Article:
Types Of Color

"Light" by definition involves wavelengths within the visible part of the electromagnetic spectrum. For humans it consists of wavelengths ranging from approximately 400 nm (violet) to approximately 725 nm (red). Many organisms, including insects, extend this range into the near ultraviolet (300-400 nm). "White" light for a particular organism consists of all wavelengths visible to that organism. Colored light has an incomplete spectrum in which only some wavelengths are represented.

Matter interacts with white light in various ways to produce color. One way is by selective absorption of particular wavelengths by a chemical, or pigment. The absorbed wavelengths (which are determined by the pigment's molecular structure) are essentially subtracted from the total spectrum, whereas the rest are reflected or transmitted to produce the visible color. Because pigments subtract colors, as additional pigments are added to a mix, additional wavelengths are absorbed and lost to view, changing the perceived color. When all wavelengths of the visible spectrum are absorbed, we call the sensation "black." (This is a somewhat simplified view: visual physiologists and psychophysicists would point out that additional processing by the visual system tempers what humans actually "see.") Pigmentary colors may be found in the cuticle or, if that be transparent, in the underlying tissues and even in the gut contents.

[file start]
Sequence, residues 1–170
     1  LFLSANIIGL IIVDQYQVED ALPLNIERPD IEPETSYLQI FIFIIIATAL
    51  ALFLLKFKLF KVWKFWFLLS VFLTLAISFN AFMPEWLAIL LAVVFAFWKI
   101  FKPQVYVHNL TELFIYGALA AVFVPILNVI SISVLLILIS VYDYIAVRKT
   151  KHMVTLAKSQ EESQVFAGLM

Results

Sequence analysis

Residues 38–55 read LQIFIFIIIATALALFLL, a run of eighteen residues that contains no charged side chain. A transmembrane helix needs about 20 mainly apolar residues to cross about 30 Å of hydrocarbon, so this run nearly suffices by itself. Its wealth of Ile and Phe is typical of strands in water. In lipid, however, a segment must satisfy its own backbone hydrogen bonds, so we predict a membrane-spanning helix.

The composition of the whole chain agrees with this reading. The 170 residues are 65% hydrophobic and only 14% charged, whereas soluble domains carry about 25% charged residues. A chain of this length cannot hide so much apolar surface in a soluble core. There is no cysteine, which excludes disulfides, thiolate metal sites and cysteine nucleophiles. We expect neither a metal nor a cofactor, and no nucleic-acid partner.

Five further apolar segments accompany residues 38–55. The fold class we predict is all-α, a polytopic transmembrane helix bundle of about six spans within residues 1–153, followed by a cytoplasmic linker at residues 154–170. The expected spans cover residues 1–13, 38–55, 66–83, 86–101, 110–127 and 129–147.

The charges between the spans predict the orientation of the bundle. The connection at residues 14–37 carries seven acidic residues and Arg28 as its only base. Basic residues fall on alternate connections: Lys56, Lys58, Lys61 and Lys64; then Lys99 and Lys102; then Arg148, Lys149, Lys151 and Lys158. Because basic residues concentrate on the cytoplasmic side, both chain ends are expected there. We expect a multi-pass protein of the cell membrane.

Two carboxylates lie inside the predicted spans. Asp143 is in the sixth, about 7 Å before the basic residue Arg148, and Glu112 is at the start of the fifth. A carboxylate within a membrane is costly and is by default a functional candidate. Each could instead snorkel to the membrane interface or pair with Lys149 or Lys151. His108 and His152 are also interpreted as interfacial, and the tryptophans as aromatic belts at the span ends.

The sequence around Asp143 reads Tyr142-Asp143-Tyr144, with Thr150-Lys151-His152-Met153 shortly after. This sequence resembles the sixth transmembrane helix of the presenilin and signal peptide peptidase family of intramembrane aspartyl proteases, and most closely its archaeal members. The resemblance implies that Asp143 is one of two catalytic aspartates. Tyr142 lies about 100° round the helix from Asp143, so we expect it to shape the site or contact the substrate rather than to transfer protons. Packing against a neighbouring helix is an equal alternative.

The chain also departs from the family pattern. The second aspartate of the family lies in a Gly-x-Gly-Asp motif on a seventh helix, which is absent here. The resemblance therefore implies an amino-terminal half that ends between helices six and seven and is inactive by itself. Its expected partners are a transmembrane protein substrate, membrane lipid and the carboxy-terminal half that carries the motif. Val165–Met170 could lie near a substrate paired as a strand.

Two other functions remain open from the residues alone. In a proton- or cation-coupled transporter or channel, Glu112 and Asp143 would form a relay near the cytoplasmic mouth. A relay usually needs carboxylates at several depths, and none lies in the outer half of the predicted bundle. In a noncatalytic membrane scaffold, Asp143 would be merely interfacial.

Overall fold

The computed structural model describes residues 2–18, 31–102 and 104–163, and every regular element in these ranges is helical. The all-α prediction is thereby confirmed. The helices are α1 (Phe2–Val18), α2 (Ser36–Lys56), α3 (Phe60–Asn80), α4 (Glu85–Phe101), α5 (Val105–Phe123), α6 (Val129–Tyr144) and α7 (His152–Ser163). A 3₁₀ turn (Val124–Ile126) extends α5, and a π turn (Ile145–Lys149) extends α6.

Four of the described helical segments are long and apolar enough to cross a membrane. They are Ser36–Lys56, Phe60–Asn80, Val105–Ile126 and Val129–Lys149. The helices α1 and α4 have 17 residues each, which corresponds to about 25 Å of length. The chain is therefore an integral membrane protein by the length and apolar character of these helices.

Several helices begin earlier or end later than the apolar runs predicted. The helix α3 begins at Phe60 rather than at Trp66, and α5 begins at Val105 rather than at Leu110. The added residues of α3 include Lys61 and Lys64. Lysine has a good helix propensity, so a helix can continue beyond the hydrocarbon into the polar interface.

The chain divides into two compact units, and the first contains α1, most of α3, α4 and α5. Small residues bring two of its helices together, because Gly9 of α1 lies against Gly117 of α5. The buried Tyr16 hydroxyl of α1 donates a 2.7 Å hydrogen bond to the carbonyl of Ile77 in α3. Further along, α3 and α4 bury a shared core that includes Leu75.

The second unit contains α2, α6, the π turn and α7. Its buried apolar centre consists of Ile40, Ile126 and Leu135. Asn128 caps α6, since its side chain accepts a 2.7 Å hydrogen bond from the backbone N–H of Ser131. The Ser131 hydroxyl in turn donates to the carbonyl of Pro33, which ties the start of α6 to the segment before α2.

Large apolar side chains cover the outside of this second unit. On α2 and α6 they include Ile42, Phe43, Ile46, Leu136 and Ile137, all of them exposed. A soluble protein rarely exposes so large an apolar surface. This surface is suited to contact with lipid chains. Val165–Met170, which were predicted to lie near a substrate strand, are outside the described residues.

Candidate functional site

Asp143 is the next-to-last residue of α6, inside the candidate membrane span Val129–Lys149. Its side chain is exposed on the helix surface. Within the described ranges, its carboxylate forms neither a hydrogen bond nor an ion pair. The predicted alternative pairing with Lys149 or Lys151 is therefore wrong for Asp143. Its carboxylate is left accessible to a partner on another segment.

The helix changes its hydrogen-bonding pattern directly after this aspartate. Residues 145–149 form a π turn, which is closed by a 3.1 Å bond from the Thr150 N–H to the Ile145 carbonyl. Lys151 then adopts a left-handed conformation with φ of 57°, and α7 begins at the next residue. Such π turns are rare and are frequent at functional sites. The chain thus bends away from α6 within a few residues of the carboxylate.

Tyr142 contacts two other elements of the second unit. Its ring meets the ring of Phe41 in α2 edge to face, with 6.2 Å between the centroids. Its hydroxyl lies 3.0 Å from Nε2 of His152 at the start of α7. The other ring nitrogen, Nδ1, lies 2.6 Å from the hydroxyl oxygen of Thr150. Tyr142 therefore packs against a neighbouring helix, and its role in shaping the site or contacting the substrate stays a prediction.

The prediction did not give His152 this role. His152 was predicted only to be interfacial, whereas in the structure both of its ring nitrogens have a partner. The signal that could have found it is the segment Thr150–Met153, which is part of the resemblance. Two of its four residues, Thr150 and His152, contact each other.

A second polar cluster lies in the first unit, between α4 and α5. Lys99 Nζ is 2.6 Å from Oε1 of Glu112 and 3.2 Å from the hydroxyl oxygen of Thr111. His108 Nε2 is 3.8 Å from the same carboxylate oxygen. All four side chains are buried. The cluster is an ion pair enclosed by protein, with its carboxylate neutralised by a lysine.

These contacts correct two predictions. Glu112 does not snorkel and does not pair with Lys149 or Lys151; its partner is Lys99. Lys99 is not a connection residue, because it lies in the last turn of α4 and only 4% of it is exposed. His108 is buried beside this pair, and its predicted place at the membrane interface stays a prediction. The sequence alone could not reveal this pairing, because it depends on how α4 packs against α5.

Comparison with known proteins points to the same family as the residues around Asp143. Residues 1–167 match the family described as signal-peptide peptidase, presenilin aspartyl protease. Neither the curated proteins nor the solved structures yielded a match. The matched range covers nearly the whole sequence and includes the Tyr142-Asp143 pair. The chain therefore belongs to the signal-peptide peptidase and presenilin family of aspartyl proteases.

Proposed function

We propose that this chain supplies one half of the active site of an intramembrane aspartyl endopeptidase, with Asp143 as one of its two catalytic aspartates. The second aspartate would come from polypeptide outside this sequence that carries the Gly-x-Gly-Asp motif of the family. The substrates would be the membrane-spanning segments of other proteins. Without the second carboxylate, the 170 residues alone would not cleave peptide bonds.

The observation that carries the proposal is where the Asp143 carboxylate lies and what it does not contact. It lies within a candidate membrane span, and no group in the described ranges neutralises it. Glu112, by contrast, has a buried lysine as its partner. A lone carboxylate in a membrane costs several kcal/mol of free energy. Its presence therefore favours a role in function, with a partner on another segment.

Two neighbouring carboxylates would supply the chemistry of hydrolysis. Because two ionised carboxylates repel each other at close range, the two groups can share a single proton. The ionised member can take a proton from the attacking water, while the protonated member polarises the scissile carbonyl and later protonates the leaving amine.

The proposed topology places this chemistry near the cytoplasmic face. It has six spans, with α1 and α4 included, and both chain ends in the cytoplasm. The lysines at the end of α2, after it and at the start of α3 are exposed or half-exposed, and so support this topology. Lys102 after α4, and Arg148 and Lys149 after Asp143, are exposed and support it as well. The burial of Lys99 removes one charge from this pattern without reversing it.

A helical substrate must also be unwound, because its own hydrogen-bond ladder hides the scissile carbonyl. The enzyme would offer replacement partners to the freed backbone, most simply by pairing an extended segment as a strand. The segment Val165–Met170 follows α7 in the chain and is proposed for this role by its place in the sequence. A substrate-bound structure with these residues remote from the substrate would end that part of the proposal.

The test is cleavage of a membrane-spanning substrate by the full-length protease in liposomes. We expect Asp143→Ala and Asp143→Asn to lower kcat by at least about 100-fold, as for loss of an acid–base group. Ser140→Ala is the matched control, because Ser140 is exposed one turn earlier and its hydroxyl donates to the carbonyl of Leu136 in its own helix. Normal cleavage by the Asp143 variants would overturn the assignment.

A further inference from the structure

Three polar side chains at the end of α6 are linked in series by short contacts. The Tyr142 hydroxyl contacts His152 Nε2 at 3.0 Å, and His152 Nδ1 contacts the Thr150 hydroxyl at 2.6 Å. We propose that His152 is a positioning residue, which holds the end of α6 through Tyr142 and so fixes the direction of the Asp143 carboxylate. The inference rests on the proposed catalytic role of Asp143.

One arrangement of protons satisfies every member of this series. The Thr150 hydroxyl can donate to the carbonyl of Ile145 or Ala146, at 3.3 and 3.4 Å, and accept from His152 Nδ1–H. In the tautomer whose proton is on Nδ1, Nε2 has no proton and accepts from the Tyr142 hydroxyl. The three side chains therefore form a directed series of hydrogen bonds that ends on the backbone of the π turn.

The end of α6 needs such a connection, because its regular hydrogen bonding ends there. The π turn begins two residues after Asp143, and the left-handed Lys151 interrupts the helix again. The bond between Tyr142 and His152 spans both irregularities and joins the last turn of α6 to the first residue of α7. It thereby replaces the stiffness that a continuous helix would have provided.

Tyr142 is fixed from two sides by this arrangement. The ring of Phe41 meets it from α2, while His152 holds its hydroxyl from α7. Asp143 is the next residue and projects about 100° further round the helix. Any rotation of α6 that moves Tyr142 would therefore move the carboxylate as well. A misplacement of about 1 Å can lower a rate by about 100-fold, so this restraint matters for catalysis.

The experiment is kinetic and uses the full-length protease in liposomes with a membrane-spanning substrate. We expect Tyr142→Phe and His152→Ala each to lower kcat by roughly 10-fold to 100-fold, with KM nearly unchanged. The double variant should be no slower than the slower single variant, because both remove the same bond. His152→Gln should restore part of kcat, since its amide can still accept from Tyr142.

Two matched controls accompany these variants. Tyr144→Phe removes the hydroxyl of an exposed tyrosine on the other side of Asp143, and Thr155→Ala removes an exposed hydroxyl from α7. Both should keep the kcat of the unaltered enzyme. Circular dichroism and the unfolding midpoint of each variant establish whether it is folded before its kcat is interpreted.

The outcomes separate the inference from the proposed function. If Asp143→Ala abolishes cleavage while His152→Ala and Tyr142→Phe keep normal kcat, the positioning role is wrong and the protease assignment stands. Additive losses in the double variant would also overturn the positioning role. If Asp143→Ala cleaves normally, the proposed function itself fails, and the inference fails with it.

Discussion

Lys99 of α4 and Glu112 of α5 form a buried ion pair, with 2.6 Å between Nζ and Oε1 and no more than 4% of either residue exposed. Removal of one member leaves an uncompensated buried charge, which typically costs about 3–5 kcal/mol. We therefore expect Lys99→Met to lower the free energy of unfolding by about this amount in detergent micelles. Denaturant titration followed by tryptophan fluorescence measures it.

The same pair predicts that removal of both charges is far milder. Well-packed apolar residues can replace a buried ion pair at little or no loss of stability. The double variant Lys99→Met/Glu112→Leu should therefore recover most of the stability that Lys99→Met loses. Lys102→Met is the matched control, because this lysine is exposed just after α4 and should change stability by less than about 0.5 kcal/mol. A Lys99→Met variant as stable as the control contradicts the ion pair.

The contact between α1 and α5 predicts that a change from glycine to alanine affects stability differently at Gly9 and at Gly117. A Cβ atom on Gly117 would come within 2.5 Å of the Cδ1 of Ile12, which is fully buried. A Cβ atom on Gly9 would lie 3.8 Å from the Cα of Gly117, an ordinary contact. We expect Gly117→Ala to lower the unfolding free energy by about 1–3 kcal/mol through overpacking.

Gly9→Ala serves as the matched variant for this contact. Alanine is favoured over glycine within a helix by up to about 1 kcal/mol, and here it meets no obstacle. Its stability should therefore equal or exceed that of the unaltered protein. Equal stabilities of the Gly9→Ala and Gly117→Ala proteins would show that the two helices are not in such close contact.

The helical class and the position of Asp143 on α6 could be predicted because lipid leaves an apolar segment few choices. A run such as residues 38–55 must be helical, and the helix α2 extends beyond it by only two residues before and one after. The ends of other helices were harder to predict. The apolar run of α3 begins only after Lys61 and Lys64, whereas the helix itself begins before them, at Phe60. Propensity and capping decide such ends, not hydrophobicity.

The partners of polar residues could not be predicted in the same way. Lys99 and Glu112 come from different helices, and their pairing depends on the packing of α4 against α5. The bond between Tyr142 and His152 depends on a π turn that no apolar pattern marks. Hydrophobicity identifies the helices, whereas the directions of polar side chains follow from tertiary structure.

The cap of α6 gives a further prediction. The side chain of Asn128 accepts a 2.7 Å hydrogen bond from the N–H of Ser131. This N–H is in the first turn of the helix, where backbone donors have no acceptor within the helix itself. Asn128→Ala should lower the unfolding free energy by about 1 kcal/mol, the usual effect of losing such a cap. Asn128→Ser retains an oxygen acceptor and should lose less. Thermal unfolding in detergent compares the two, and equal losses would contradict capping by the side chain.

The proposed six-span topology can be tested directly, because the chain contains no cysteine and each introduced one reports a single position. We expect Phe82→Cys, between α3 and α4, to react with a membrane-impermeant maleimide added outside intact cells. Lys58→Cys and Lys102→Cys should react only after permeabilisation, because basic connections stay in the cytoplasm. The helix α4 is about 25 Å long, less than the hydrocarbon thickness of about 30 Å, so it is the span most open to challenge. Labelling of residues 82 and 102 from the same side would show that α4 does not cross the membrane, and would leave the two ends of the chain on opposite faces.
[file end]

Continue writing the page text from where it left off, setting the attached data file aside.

A second basis for color is structural, caused by the interaction of white light with minute and precise arrays on or in the material. The effects depend on the architecture, rather than the chemical makeup of the material. Light may be reflected, refracted, or scattered, but it is not absorbed, and so structural colors are "additive": if two are combined, both sets of wavelengths are represented in the final effect. If all wavelengths of the visible spectrum are reflected, we call the sensation "white." (Technically, white, even if caused by a pigment, is always a structural color, because it is the absence of any absorption of light.) Because the underlying architecture must generally be precise and stable, most structural colors are typically produced by stiff, nonliving materials, and of these insect cuticle is literally a brilliant example.

In biological systems, pigmentary colors are more common in the "warm" range—red, orange, and yellow— although green and blue pigments do exist. Biological

FIGURE 1 Uranus riphaeus, portion of hind wing, showing the typical lepidopteran investiture of shingle-like scales (on the surface) and bristles (at the edges). The scales in the black areas are colored by a pigment, probably melanin, whereas the iridescent scales and the white bristles are structurally colored.

FIGURE 1 Uranus riphaeus, portion of hind wing, showing the typical lepidopteran investiture of shingle-like scales (on the surface) and bristles (at the edges). The scales in the black areas are colored by a pigment, probably melanin, whereas the iridescent scales and the white bristles are structurally colored.

structural colors, in contrast, are more likely to be "cool"— green, blue, violet, and ultraviolet. Figure 1 shows part of a butterfly wing: the dark colors are pigmentary, whereas the iridescent colors and the whites are structural. Many insects display both types, which are sometimes used together to produce yet additional effects. For example, a structural blue may be added to a pigmentary red to make a luminous violet, or a structural color may be "deepened" or intensified by a "backing" pigment that absorbs stray light leaking in from the "wrong" direction.

This article considers both pigmentary and structural colors. The following is a review of insect pigments, abstracted from the reviews of Chapman, Fox, and Nijhout.

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